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Problem Solving 101: Collaborative Problem Solving

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Problem Solving 101: Collaborative Problem Solving

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As a software development manager, I am frequently visited by developers who are spinning their wheels on a design problem or running out of ideas while troubleshooting an application.  I’ve developed a reputation as a problem solver because most of these visits end with a eureka moment that clears the logjam for the developer. Although I do like to think that I’m a reasonably good troubleshooter/architect,  I have accrued quite a bit of unearned reputation from these impromptu brainstorming sessions as a problem solver. A more fair assessment of my contribution might be that I am just a really good sounding board.

I’m sure everyone reading this can remember an instance where you went to ask someone a question and simply the act of asking it aloud made you realize the answer. Consider for a moment why this technique works, and why it often works better when the other person has little advance knowledge of  the issue. To bring that other person into the discussion you are forced to rewind your brain back to when you started working on the problem eschewing all of the clutter and complexity that you have added since you’ve been working on it. Then you must revisit each of the steps you have taken justifying each decision and restating each assumption.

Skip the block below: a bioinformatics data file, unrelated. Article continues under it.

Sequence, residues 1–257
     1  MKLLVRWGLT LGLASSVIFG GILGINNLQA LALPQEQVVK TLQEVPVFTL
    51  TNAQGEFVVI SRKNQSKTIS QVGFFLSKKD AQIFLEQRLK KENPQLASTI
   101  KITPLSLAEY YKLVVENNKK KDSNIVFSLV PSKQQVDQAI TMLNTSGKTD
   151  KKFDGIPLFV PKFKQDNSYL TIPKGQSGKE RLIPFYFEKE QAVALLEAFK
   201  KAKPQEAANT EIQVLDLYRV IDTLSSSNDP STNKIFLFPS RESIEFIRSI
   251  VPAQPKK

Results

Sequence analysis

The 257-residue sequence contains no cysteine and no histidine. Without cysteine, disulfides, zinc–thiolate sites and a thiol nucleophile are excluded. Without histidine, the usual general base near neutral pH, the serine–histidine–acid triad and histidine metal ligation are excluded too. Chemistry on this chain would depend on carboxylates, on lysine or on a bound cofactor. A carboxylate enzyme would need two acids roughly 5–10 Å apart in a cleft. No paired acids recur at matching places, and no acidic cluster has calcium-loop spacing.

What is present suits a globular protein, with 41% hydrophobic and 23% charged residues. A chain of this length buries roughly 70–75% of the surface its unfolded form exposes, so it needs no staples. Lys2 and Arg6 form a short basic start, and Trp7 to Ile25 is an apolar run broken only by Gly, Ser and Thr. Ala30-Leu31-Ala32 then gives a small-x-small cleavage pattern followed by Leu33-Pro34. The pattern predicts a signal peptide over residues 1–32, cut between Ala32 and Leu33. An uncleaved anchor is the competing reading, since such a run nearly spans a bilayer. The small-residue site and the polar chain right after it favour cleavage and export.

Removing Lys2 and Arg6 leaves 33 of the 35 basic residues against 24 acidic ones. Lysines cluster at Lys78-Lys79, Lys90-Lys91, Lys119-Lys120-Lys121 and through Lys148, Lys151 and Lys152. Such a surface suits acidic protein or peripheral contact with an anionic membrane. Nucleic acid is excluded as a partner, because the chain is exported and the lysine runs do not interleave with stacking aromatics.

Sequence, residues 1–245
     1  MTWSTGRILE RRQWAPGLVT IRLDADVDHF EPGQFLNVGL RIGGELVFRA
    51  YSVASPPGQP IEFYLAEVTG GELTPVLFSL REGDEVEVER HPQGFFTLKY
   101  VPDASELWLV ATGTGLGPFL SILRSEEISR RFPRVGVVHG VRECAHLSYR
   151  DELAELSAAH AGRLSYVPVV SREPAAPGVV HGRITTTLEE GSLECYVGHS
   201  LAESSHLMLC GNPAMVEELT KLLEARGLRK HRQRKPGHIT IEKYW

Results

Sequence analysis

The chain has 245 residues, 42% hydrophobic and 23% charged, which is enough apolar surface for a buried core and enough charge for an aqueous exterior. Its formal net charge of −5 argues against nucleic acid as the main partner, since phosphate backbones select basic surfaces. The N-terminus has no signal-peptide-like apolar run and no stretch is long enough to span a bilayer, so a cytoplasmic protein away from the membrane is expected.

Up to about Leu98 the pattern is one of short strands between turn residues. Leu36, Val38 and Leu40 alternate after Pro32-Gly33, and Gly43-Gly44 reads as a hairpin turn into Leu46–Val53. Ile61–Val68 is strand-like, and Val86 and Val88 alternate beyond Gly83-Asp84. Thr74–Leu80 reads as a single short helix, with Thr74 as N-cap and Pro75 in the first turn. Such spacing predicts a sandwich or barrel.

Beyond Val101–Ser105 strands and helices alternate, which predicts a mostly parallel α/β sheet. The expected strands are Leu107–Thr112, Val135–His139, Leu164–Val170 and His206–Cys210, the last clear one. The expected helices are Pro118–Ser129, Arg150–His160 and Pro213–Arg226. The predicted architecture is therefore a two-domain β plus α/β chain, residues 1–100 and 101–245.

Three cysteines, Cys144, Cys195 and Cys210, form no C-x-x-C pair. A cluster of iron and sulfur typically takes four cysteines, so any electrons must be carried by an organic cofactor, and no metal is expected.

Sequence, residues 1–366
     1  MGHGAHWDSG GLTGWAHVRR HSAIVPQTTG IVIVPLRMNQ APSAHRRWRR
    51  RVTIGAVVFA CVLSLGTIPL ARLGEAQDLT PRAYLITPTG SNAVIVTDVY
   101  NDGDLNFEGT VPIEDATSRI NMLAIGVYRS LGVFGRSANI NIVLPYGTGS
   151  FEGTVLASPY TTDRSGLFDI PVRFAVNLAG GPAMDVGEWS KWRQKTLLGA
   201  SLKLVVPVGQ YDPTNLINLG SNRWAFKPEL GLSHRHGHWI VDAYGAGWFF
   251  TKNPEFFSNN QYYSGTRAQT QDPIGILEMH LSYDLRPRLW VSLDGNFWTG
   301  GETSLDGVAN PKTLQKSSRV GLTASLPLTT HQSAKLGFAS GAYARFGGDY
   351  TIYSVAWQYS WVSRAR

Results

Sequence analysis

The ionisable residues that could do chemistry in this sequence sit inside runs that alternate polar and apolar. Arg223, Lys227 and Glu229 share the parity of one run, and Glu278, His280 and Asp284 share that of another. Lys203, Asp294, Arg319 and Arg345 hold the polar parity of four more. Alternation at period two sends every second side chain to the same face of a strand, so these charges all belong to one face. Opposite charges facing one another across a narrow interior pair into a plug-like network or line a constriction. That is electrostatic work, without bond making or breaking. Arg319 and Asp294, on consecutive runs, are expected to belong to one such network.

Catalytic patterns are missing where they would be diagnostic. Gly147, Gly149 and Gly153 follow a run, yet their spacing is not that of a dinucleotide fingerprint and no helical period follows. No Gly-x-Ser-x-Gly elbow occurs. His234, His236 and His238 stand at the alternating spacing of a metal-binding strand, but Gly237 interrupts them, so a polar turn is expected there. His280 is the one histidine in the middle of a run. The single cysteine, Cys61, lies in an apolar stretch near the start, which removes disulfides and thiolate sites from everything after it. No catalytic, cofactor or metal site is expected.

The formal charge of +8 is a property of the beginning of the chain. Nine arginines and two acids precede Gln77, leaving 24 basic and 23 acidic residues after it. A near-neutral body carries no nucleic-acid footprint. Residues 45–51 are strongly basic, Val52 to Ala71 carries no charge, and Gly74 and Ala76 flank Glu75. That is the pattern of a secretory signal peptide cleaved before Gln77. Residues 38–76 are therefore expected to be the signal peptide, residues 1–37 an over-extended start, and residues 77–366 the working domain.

So why should revisiting the history of the problem be effective? After all, having the same person answer the same intermediate questions ought to bring that person to the same conclusion, right? If this were true, then the sounding board approach would be a waste of time, which we know is not the case from anecdotal evidence. The reason you arrive at a different answer is that unlike the first time through, you now have the benefit of foresight and are far less likely to take  a path that you know will lead you through the brambles.

The longer you walk down those brambly paths the easier it is to mentally commit to pressing forward. On an intellectual level we understand the sunk cost fallacy, but are still susceptible to it and can form mental blocks that make it discomforting to backtrack for more than one or two forks in the road. This is why we need the guide to force us to rethink the whole journey and each decision along the way.

Tips for Being a Good Sounding Board

I'm Listening.

Face it, there are times when a poster of Justin Bieber would be exactly as productive as a sounding board as you or anyone else on the team. The core problem is sometimes just so obvious that saying it out loud is enough to expose the flaws in the current approach. I’m going to save the advice on how to be more like Justin for a future article and focus now on how you can be a better guide for helping out on the thornier problems.

  1. Establish yourself as a devil’s advocate – The rest of these tips taken in the wrong context can easily put the person defensive. Establish that you are going to ask a bunch of questions, some naive, some pointed, but that your goal is to help them re-verify their assumptions, not to promote an alternate idea or criticize their approach.